Important takeaways, Courtesy of the Manufacturing ISM® Report On Business®:

  • Demand eased, with the (1) New Orders Index contracting strongly, (2) New Export Orders Index still below 50% but improving, (3) Customers’ Inventories Index contracting slightly (a positive for future production) and (4) Backlog of Orders Index recovering for a second month but still in strong contraction.
  • Output/Consumption (measured by the Production and Employment indexes) was negative, with a combined 0.8-percentage point downward impact on the Manufacturing PMI® calculation.
  • The Employment Index remained slightly above 50% and the Production Index logged a second month in contraction territory. Panelists’ companies are indicating that they are not going to substantially reduce head counts as they are positive about the second half of the year.
  • Inputs – defined as supplier deliveries, inventories, prices and imports – continue to accommodate future demand growth.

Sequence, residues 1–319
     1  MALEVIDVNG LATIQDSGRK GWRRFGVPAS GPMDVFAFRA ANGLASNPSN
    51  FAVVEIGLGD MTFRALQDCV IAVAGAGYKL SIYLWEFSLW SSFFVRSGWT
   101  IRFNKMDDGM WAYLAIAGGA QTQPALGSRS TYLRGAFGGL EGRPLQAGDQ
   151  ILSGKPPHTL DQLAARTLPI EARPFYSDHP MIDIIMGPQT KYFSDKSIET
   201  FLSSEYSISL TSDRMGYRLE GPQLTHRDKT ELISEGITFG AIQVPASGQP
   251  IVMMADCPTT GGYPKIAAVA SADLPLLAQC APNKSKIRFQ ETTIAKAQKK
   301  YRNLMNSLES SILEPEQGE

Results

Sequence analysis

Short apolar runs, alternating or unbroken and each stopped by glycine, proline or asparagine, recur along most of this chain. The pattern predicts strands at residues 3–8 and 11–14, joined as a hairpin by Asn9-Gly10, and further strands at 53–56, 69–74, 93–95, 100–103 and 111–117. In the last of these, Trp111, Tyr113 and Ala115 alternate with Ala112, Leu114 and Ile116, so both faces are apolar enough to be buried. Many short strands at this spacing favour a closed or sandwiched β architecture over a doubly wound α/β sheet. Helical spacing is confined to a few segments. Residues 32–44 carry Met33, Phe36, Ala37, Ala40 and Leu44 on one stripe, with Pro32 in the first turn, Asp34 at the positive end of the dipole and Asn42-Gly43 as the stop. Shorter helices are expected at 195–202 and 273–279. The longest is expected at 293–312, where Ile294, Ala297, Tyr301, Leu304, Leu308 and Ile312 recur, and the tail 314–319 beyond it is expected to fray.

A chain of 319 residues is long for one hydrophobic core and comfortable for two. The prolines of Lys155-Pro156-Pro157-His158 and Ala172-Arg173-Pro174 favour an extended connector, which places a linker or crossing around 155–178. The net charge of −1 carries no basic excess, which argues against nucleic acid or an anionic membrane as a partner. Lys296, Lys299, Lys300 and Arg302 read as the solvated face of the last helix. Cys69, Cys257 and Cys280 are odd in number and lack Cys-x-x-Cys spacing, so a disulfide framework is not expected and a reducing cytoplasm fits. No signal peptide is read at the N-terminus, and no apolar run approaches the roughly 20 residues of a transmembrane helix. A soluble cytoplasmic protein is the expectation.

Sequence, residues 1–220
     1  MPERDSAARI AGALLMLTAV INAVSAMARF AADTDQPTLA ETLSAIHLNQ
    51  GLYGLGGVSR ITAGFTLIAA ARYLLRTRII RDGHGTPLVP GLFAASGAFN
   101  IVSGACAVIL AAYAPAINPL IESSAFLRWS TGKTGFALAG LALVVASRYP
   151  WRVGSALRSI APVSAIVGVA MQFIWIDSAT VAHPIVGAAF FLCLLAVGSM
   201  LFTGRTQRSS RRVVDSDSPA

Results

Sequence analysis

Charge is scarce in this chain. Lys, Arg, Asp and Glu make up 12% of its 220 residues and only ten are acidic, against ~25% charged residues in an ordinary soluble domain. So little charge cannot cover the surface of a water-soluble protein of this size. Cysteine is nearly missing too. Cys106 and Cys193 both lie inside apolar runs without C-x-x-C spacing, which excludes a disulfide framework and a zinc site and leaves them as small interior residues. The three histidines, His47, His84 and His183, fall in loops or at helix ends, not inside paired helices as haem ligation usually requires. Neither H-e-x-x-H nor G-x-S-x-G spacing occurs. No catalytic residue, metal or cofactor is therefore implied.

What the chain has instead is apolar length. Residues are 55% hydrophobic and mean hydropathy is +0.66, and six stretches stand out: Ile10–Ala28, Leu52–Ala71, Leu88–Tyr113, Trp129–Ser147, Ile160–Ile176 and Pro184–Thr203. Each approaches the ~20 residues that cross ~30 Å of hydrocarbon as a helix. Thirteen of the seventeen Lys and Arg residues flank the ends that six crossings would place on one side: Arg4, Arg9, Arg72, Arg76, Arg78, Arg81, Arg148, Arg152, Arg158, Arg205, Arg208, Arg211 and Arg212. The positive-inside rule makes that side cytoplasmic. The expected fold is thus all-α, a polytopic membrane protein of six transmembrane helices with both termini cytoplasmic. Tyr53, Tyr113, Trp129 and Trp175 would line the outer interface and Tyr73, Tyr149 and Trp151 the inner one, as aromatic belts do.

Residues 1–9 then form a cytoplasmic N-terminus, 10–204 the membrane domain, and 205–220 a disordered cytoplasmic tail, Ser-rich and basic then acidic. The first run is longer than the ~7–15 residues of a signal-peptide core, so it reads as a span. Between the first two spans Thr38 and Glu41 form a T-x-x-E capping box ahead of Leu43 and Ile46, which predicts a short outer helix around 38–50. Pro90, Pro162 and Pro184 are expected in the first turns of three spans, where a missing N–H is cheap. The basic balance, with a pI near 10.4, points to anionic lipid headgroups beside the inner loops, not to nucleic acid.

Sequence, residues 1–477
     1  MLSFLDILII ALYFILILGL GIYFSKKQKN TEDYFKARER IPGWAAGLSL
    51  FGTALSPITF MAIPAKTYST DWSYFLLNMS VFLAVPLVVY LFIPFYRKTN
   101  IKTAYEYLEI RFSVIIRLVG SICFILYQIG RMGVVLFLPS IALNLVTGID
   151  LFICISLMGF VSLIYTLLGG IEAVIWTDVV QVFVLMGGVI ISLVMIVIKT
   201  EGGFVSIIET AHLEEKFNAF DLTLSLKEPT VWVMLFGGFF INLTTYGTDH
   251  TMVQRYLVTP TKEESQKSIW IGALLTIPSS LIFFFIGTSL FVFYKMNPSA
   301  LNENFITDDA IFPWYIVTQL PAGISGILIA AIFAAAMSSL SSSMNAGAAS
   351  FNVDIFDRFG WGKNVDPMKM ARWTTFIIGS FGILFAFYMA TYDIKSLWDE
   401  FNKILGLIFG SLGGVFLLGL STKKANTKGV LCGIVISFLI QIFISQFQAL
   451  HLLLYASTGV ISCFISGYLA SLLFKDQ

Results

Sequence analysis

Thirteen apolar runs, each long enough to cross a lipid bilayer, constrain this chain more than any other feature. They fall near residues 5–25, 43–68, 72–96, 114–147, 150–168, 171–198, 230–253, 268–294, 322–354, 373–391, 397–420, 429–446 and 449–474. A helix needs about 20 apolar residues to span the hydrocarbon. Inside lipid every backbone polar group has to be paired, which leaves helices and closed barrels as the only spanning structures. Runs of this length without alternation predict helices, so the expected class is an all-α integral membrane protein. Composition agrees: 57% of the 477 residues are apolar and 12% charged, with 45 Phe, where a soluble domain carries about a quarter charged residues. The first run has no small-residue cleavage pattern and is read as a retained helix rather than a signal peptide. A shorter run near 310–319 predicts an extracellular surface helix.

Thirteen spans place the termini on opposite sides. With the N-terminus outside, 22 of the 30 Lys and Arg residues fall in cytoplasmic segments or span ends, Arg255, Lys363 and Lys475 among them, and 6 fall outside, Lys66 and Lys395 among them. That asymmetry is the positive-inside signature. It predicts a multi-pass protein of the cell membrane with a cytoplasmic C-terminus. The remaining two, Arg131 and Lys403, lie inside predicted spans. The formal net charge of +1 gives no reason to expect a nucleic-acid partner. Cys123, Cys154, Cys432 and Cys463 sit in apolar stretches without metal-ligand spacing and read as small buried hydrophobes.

• The Supplier Deliveries Index indicated faster deliveries, while the Inventories Index expanded at a slower rate as panelists’ companies manage the total supply chain inventory.
  • The Prices Index contracted for the fourth consecutive month but at a slower rate.

U.S. New Vehicle Sales

Total new vehicle sales for January 2023, including retail and non-retail transactions, are projected to reach 1,043,100 units – a 5.4% year-over-year incresase, according to a joint forecast from J.D. Power and LMC Automotive.

“As we start 2023, supply chain disruptions continue but are becoming less severe. This is leading to an increase in the number of vehicles being delivered to dealerships and fleet customers,” says Thomas King, president of the data and analytics division at J.D. Power.

“While retail inventory levels are generally rising, several manufacturers are directing a larger portion of their increased production towards fleet customers. Fleet sales have been more heavily inventory constrained than retail sales during the past several years, resulting in significant pent-up demand. Rising production levels now allow manufacturers to better support their fleet customers while maintaining retail inventory levels,” he adds.

Important Takeaways, Courtesy of J.D. Power:

  • Retail buyers are on pace to spend $39.9 billion on new vehicles – up $0.9 billion year-over-year.
  • Truck/SUVs are on pace to account for 78.7% of new vehicle retail sales in January.
  • The average new vehicle retail transaction price is expected to reach $46,437, a 4.2% year-over-year increase.